News Releases

News Releases

For Immediate Release

World's Leading Experts on Neonatal Jaundice Discuss Causes, Treatments, Outcomes and Prevention on Live Web Cast


WHO: Jon F. Watchko, MD, Division of Newborn Medicine, Children's Hospital of Pittsburgh/Magee-Womens Hospital

Gary A. Silverman, MD, PhD, Chief of the Division of Newborn Medicine, Children's Hospital of Pittsburgh/Magee-Womens Hospital

M. Jeffrey Maisels, MBBCh, Chair of Pediatrics, William Beaumont Hospital, Royal Oak, Mich.

John LaBella, MD, Pediatrician, Children's Community Pediatrics - Bass Wolfson

WHAT: These internationally recognized experts in newborn medicine will present the latest information on hyperbilirubinemia, also known as neonatal jaundice. Drs. Watchko and Maisels will discuss causes, care, outcomes and prevention of severe neonatal jaundice. Following their presentation, Dr. Silverman will moderate a discussion - joined by Dr. LaBella - on the latest treatments and take questions from both the live audience and the Web audience.

This Continuing Medical Education (CME) event also will be available via live Web cast through Children's Web site at

WHY: Jaundice - one of the most common conditions affecting newborns - is a yellowing of the skin and eyes that is caused by an elevated bilirubin level in the blood. Bilirubin accumulates when red blood cells break down.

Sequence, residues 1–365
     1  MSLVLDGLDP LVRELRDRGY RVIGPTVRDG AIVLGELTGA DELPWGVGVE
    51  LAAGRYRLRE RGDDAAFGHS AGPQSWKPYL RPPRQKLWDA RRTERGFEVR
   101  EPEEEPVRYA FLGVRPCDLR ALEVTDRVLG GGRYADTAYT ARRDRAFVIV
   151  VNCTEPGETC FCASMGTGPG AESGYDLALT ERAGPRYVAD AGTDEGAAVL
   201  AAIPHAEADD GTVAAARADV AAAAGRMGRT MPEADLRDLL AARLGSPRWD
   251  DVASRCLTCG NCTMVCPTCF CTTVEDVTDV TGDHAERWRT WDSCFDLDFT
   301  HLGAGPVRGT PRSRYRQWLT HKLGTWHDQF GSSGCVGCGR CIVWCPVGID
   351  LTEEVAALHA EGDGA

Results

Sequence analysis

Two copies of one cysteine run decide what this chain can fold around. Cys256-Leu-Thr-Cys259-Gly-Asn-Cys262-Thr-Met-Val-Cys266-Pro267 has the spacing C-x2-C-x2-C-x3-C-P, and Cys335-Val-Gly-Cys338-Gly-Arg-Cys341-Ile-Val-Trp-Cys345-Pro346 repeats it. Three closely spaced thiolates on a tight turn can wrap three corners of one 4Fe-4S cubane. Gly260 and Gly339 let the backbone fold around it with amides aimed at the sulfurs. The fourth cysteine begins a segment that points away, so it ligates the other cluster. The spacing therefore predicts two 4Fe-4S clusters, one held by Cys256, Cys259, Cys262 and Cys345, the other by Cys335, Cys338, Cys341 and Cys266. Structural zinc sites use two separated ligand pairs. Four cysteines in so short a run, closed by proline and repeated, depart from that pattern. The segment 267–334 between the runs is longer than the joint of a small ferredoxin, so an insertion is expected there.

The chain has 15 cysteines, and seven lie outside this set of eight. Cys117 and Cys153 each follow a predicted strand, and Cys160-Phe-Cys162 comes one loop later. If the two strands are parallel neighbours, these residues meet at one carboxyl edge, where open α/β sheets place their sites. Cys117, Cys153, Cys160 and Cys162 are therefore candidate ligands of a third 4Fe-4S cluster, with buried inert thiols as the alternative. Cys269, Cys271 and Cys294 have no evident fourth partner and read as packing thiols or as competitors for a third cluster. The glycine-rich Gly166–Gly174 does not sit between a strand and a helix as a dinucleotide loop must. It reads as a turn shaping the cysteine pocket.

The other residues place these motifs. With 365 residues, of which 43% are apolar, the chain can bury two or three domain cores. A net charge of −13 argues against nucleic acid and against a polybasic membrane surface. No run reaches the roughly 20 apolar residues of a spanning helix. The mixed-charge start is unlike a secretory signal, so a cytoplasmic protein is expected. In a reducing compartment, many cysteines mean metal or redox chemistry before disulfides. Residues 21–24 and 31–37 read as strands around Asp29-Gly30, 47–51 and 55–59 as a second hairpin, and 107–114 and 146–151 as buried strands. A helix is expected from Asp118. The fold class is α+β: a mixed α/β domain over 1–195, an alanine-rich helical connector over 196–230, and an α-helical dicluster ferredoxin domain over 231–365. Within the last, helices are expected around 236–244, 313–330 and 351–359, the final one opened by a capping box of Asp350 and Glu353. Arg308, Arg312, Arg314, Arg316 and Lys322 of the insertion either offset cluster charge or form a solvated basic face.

Neonatal jaundice affects 60 percent of full-term infants and 80 percent of preterm infants in the first several days after birth. Early detection and treatment of jaundice is crucial to preventing the bilirubin levels from rising to dangerous levels. Extremely high levels can lead to bilirubin-induced brain damage, a condition known as kernicterus.

WHEN: Thursday, Sept. 21, 2006, at 8 a.m.

Options for Attending: Children's Hospital of Pittsburgh, 3705 Fifth Ave., Pittsburgh, Pa.

Registration for the live Web cast, and the post-event archived session, is available through Children's at

Marc Lukasiak, 412-692-7919 or 412-692-5016,
Melanie Finnigan, 412-692-5502 or 412-692-5016,

Last Update
June 11, 2008
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Last Update
June 11, 2008